New Jersey passes equal pay for women and minority law

As we have reported on a few times, there is a big gender wage gap for women and a wage gap for minorities in this nation. Well, New Jersey (the 11th most populous state in the nation) has decided to do something about it. They have just passed a new law, known as the Diane B. Allen Equal Pay Act, which some experts say is the strongest law anywhere in the nation when it comes to mandating equal pay for equal work.

The new governor of New Jersey, Phil Murphy, has stressed equal pay for equal work since stepping into office on January 1. While he has been pushing for this, the fact is that many agree with him as there is little disagreement in the state that the law and more regulation is needed. This is shown by the fact that the Diane B. Allen Equal Pay Act was passed in late April 35 to 0 in the Senate and 74-2 in the Assembly. It has overwhelming support from both Republicans and Democrats.

Many experts, as well as the NJ legislature, say it is the strongest law anywhere in the nation for mandating equal pay for minorities and women. It is putting companies on notice that salary discrepancies based on gender, race, age, ethnicity, and other factors is no longer acceptable, and that it will be “punished”.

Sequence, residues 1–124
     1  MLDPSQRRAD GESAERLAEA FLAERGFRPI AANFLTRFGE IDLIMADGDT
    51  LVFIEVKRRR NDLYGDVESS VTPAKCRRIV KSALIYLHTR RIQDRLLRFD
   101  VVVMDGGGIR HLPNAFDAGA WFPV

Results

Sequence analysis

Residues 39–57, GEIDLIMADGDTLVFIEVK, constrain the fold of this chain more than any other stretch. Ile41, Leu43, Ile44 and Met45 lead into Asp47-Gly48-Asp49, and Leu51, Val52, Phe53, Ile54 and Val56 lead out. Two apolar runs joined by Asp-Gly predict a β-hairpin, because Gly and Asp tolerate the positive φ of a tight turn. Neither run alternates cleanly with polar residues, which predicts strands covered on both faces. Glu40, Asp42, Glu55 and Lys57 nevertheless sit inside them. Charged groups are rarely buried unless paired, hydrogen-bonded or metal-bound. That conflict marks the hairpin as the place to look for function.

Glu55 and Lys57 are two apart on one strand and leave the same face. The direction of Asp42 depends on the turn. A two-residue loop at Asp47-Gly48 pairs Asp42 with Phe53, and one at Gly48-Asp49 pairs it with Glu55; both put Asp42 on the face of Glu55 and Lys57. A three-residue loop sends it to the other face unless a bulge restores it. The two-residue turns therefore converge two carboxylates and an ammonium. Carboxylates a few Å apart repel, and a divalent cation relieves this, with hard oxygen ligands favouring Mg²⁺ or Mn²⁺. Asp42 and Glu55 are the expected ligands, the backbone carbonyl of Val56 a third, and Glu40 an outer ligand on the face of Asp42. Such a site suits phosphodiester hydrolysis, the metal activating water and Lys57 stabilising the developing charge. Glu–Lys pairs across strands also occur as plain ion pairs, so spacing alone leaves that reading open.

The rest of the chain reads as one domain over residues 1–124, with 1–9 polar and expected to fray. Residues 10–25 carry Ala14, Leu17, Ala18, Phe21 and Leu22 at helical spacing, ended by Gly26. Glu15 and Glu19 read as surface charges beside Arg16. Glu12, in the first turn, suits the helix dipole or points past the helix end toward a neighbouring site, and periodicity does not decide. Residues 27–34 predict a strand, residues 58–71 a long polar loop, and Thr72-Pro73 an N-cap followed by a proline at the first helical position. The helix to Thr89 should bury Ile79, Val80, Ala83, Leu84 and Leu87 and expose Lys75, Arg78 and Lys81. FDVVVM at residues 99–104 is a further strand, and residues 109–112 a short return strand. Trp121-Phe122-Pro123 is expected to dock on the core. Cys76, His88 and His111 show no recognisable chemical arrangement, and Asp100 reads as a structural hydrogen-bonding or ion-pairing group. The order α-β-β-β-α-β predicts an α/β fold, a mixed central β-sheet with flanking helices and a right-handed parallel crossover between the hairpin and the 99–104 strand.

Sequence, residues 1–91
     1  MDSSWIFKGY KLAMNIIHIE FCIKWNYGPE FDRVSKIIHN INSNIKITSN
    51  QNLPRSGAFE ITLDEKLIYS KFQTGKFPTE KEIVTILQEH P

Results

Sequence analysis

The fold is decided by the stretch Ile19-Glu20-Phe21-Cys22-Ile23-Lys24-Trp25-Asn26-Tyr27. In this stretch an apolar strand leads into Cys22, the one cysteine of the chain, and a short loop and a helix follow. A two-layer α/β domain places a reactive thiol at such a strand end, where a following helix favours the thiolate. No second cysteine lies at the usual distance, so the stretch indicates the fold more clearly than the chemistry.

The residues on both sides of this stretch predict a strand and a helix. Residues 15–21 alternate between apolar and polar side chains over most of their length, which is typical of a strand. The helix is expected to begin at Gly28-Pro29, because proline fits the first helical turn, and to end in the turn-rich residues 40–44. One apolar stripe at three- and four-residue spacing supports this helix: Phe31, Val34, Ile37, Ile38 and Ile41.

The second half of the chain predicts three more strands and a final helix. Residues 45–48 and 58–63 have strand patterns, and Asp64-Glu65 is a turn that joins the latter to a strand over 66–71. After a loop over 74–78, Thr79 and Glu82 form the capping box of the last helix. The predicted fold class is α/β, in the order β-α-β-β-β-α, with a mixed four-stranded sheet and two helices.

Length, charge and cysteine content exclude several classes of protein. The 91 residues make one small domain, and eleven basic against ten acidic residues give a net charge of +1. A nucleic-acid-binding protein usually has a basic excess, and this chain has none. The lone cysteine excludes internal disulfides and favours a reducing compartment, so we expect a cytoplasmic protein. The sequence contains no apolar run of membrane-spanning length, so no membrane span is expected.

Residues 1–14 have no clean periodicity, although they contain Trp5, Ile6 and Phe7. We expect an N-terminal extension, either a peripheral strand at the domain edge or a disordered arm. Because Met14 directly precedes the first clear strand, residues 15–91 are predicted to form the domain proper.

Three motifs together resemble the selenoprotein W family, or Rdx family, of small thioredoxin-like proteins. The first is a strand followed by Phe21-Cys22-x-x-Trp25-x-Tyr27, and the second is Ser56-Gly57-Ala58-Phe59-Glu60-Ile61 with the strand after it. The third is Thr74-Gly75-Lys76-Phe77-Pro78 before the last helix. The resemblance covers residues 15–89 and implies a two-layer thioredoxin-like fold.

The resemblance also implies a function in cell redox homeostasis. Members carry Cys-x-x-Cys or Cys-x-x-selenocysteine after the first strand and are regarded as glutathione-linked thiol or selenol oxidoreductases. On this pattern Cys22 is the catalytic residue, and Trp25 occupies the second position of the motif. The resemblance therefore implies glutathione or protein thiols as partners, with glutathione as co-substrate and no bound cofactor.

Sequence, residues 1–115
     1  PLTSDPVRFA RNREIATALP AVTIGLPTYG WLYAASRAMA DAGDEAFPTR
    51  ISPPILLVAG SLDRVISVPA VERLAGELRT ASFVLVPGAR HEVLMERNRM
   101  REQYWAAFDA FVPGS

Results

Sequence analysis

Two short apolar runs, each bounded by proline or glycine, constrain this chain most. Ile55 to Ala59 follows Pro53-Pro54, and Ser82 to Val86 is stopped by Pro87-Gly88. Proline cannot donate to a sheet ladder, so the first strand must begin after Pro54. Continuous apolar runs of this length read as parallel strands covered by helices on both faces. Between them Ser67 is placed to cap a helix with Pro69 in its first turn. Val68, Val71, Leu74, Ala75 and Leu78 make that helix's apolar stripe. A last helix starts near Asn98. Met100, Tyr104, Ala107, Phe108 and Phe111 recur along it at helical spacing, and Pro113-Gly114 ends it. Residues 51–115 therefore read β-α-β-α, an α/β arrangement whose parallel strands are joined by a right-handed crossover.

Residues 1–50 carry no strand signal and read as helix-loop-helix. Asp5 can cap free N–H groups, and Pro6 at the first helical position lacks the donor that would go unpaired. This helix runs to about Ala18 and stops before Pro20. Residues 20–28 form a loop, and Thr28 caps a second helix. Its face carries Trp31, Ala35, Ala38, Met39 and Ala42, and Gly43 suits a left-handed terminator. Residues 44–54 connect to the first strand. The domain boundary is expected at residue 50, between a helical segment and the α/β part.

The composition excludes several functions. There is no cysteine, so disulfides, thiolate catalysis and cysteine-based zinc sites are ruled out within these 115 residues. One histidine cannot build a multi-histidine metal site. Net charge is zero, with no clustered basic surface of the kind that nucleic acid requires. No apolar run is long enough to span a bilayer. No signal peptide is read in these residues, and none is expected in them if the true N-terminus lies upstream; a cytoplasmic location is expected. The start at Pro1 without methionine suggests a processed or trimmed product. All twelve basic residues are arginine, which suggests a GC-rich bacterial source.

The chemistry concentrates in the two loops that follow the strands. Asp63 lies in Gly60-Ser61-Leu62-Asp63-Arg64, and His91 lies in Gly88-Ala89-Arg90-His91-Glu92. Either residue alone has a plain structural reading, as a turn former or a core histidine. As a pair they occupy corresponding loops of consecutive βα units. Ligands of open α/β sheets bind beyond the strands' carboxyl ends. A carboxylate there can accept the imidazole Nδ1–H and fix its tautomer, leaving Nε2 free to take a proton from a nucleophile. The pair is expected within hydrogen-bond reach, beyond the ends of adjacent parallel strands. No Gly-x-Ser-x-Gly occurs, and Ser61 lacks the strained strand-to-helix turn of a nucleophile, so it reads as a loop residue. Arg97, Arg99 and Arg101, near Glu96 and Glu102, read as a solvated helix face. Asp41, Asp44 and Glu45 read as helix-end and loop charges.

Key parts of the Diane B. Allen Equal Pay Act

There are a few things in the Pay Act that can really make a difference. One of the key ones is companies can’t punish workers from discussing their salaries or benefits. This should make salary discrepancies more apparent to employees as workers can now discuss how much money they make.

Many companies do not pro-actively share salary information among their employees. They also prohibit employees from discussing how much money they make. I experienced this first hand during my time in the corporate world; the employees couldn’t just go around the office discussing how much they earn.

The reason is that people have different experiences, skillsets, job responsibilities, etc. and salaries could vary due to that. But New Jersey is taking the approach that openly discussing salaries can’t be punished by employers, and they hope this transparency among employees makes it more apparent when women and others are not being paid the same as men.

Now if companies do try to pay women and/or minorities differently (and there is no reason for doing that), then the company will be punished. The worker who was underpaid can now sue for up to 3 times of what they were underpaid. So if they were underpaid 50K, they can sue the company for 150K. In addition, they can sue for up to 6 years of wage discrepancies, which is three times longer than federal government rules.

What all this means is that if a company still does not pay women and minorities the same wages/benefits as they pay men, and if the company gets “caught” doing this, the women or minority worker can sue for more money and going back more years. The costs can add up for a company.

The goal of the Diane B. Allen Equal Pay Act is to close the gap between what male workers are paid and what women as well as minorities are paid. It is long overdue, not just in New Jersey but nationwide. We applaud the state’s effort and hope it succeeds.

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